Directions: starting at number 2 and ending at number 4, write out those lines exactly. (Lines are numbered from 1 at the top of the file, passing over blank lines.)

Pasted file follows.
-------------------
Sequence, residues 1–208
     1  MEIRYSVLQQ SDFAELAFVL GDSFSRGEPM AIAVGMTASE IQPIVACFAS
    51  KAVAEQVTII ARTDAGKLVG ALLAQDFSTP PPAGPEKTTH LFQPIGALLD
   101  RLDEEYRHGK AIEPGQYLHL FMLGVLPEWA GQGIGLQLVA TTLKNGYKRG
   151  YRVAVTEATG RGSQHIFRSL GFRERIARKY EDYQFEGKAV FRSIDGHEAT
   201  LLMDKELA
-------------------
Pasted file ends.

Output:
     1  MEIRYSVLQQ SDFAELAFVL GDSFSRGEPM AIAVGMTASE IQPIVACFAS
    51  KAVAEQVTII ARTDAGKLVG ALLAQDFSTP PPAGPEKTTH LFQPIGALLD
   101  RLDEEYRHGK AIEPGQYLHL FMLGVLPEWA GQGIGLQLVA TTLKNGYKRG